I think there’s a chance that the place will reform for the better, much the way New Zealand did in the mid-1980s. In other words, you can be so stupid, for so long, that eventually you have to throw in the towel and try being less stupid. There are several candidates running in the next presidential election, which will take place in 2011, who are reasonably market-oriented. If the same thing happens in Argentina as happened in New Zealand in the 1980s, it will boom.
Ah. Comparing Argentina to New Zealand. This betrays an ignorance of history and culture -- something a financial advisor cannot afford. Argentina, as a Catholic culture of Spanish and Italian origin, has very little in common culture-wise with New Zealand, a protestant culture of British and Scottish origins.

Up until that point in the dialogue, Casey was making a great deal of sense. Argentina sounds very attractive on almost all points -- except for its insane government. But Argentina's government has been insane for many decades. What chance is there for a sudden awakening into sanity? Virtually none, all wishful thinking aside.

Revolution in Argentina makes little sense. There is always the aftermath, when a worse government than the one before is invariably formed. Regime change would only lead to further turmoil. No, if you want to create a free environment in the southern part of South America, you will need to populate and secede from the central government -- which is concentrated within a single city -- Buenos Aires. Yes, I agree that Buenos Aires is the only place in Argentina with enough culture to provide an enjoyable lifestyle, but it is the people of Buenos Aires who continue to allow all of those idiotic governments. Something is wrong with them, and it is unrealistic to expect them to wake up -- so long after the closure of their critical developmental windows.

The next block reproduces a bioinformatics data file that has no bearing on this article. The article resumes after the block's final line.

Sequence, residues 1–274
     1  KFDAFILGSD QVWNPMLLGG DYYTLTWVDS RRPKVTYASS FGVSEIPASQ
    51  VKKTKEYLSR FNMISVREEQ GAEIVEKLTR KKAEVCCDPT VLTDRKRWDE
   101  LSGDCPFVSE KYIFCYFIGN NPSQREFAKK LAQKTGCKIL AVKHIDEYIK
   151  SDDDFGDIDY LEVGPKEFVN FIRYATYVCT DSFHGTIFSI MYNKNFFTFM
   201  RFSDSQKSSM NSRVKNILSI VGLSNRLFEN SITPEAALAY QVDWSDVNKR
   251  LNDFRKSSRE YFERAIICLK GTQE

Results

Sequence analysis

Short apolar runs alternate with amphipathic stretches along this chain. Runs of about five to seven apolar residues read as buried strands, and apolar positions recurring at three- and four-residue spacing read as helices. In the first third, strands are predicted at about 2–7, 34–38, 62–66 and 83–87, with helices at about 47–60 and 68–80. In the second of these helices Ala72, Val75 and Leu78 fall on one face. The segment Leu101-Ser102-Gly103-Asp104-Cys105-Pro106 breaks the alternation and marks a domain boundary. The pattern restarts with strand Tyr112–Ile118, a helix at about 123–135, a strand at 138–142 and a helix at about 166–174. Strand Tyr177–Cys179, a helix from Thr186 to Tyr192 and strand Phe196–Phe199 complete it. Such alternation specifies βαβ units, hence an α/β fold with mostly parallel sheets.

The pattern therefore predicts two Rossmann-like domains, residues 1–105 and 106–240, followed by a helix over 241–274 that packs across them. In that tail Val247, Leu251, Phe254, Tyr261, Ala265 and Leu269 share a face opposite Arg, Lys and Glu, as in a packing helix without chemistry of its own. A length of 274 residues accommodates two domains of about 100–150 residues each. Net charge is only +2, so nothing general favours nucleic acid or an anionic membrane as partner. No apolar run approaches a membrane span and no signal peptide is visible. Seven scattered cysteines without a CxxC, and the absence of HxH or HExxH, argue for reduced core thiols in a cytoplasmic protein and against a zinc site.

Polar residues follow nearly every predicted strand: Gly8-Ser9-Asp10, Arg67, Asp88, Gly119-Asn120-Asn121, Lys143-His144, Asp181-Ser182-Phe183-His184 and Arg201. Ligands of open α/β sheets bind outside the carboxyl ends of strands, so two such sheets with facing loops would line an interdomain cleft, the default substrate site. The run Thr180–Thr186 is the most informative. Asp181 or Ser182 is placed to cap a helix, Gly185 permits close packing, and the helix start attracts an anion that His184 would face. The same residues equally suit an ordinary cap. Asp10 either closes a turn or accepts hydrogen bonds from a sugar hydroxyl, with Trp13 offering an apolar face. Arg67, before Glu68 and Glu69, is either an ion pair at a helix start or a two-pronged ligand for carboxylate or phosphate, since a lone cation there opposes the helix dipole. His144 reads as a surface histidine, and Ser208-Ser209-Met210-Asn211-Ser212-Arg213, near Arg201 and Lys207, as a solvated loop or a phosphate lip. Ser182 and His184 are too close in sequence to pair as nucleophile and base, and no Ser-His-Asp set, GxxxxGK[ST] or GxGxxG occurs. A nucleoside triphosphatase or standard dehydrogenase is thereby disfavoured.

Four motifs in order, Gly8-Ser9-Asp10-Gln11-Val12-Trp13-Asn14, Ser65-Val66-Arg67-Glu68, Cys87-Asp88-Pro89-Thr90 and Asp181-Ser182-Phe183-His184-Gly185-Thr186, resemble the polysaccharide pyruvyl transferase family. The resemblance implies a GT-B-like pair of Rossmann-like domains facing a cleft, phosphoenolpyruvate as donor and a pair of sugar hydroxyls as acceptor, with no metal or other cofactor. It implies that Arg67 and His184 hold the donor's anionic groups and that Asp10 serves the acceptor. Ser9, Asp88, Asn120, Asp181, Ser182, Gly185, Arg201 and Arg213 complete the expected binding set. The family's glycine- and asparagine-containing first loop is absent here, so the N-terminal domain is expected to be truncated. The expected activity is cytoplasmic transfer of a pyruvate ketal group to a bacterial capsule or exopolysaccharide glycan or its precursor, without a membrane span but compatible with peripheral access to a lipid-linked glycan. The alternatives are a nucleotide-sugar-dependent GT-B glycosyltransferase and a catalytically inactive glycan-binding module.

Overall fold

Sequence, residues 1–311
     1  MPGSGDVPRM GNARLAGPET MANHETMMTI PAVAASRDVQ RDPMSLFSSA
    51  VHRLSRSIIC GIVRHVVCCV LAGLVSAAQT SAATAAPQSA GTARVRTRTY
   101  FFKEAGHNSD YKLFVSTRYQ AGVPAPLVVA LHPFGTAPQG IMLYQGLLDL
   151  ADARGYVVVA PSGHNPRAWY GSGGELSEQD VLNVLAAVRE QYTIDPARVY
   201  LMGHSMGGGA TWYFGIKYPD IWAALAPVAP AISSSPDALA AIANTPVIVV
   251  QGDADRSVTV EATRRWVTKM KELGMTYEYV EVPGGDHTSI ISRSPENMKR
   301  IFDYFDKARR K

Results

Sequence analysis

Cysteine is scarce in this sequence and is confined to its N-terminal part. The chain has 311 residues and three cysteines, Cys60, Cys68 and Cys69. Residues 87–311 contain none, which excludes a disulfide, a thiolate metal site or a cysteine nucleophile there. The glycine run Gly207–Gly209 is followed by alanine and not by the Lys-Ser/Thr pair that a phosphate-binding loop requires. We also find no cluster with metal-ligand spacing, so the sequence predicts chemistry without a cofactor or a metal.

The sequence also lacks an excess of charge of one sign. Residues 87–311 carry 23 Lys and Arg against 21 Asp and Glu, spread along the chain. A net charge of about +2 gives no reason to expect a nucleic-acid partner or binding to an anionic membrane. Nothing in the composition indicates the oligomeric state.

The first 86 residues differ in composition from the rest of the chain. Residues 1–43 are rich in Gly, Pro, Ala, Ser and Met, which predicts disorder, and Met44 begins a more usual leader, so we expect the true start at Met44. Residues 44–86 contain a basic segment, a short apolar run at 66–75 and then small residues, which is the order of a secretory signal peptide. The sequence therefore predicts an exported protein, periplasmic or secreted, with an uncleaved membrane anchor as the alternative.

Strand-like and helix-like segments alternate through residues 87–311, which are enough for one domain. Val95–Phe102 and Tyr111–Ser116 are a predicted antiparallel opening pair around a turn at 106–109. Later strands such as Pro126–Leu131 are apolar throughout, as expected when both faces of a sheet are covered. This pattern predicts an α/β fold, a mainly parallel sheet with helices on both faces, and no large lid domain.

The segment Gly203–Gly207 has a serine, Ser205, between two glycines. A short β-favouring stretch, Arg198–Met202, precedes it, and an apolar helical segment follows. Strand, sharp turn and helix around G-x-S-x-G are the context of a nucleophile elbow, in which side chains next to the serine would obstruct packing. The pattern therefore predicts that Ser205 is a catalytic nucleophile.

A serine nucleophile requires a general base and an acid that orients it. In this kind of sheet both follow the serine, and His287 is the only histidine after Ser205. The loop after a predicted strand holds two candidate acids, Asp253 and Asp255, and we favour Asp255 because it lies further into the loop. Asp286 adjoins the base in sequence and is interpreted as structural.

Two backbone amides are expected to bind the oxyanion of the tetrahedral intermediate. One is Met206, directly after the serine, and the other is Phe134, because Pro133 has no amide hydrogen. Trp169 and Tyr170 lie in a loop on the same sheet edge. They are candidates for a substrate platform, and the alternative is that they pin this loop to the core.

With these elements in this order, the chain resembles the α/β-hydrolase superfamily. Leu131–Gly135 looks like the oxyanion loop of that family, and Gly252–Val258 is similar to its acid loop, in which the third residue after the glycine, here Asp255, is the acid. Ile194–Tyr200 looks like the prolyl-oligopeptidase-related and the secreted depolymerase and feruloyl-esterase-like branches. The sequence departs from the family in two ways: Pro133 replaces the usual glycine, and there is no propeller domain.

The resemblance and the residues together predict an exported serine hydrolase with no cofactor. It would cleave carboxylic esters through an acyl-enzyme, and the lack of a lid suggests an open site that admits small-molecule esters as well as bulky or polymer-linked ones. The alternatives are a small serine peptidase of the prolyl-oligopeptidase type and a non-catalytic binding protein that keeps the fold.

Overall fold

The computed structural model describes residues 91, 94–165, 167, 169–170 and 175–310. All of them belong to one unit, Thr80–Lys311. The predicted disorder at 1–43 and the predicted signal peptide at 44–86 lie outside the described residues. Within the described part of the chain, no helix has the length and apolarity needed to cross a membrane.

Casey bought a large parcel of land in Cafayate (in the wine country near Salta), moved some friends down, and is building a luxury resort. Casey is also encouraging wealthy Europeans and North Americans to move to Argentina -- perhaps hoping to influence the political culture in a more rational direction. Not exactly the same thing as populating and seceding from a corrupt country, but perhaps a step in the right direction. The government of Argentina is unpredictable, but a smart person might find some locations and loopholes that allow him to live relatively free from interference.

But clearly the answer to the question "Is Argentina the best place in the world?" for most people would have to be no. Not unless you could get enough people together to buy and populate a large section of the country, to create the kind of government that would allow you to live and trade freely. Not a good prospect, unless you have some extremely sophisticated weapons of defense that could neutralise the Argentinian military.